|Creative Services Group|
This is the first newsletter being sent out to the Jewish deaf young adults in Los Angeles. We are very excited about being together with friends for the upcoming high holiday services.
From the responses of 14 people, it is obvious that there is a need or a want for this kind of program to be offered. It will be an enriching experience to host services at our house.
We are excited to announce some upcoming events: cooking classes will be offered from Oct. 14th through Nov.18th and a Sukkah meal on Oct.17th.
We are going to make it an annual thing to host High Holiday services, Sukkah event, and Passover Seder. The reason why we are doing this is because there are times when we need to celebrate these occasions and be with our friends where there are no communication barriers and be able to fully participate in the services.
We are looking for someone who would like to take turns to host an Chanukah event once a year. The reason why we are hosting three of the above events is because we don't know if anyone else builds a sukkah, or lives in a kosher home for Passover time or someone who is familiar with the preparations for High Holiday services. Chanukah does not require any special preparations. If anyone has any ideas to share, please let us know as we are open to suggestions
Again, we would like to thank you for your support and giving us a chance to offer this program. We do not wish to be a formal organization with officers or require meetings, and in no competition with other Jewish deaf groups. We only want to gather with our friends at least four times a year during the Jewish holidays to remind us of our religion and preserve our heritage. Wishing you and your family a very happy and healthy new year.Sharon & David Soudakoff
Rosh Hashana, the first day of the Jewish New Year is celebrated all over the world for two days by the Orthodox and Conservative Jews, on the first and second day of Tishri which is usually in September. The Reform Jews celebrate Rosh Hashana for only one day.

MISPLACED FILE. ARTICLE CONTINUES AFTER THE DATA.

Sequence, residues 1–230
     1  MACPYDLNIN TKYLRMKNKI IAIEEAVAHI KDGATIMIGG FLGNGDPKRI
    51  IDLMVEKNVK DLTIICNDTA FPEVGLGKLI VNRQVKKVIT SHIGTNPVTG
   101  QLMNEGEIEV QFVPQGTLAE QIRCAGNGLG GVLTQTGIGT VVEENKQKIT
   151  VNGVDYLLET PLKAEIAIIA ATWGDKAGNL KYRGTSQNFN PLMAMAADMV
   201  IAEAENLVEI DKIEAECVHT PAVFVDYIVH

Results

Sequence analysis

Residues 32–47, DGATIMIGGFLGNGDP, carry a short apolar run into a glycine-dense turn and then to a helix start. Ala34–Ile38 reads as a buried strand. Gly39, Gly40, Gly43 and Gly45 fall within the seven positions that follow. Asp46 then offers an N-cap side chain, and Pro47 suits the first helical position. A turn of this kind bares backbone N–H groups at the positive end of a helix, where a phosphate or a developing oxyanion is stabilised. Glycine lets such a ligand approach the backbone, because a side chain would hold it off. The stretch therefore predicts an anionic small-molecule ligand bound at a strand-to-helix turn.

In the Bible, Rosh Hashana was a one-day holiday. The change from a one-day to a two-day holiday occurred when it was found that the one day could fall on Shabbat and we wouldn't be able to hear the shofar as it is not permitted to blow the shofar on Shabbat. So they added the second day to allow us hear the shofar. This year, we will hear the shofar on both days, Monday & Tuesday.
Rosh Hashana this year begins on Sunday night, September 27 and ends on Tuesday night, September 29th.
Services on Monday, September 28th will begin at 9 a.m. Services will end approximately at 1 p.m. then lunch will be served.
This year, Yom Kippur, a day of fasting and praying, falls on the sixth of October, tenth of Tishri, Tuesday night to Wednesday night, October 7th.
The Yizkor service, which is a memorial service for immediate family members, goes back to the fifth century. Its origin is not clear, but it may have been started as a prayer for Yom Kippur to help people recall the lives of their beloved ones. The Yizkor service started in the eleventh to thirteenth century which was the Crusades period, when thousands of Jews were killed by the Crusaders on their way to Palestine from Europe. The service gives people a chance to express loss of their departed ones.
Kol Nidre is said three times before sunset as it is a prayer asking for release of vows made innocently or under pressure. The shofar is blown at the final (Neila) service of Yom Kippur. One long blast of the shofar ends the day of fasting.
Services on Wednesday, October 7th will begin at 10 a.m. Services will end approximately at 1 p.m. then we will have group discussions, then relax for a while so bring comfortable clothes to wear. We will resume services at 6 pm till dark when the holiday ends at 7:14 p.m. Then we will break the fast with juices and honey cake, then a dairy dinner will be served.
Blessed are You, our G-d, King of the universe, who has sanctified us with His commandments and has commanded us to kindle lights for the Festival. [*Yom Kippur]
Baruch atab adonoy elohaynu melech ha-olam asher kidshanub 'mitzvosovv' tzivanu l'hadlik ner shel yom tov
Blessed are You, our G-d, King of the universe, who has kept us alive, sustained us, and brought us to this season.
Baruch atah adonoy elohaynu melech ha-olam shohecheyonu v'kiymonu v'higi-anu lazman hazeh
* Say Yom Kippur, not Festival for Yom Kippur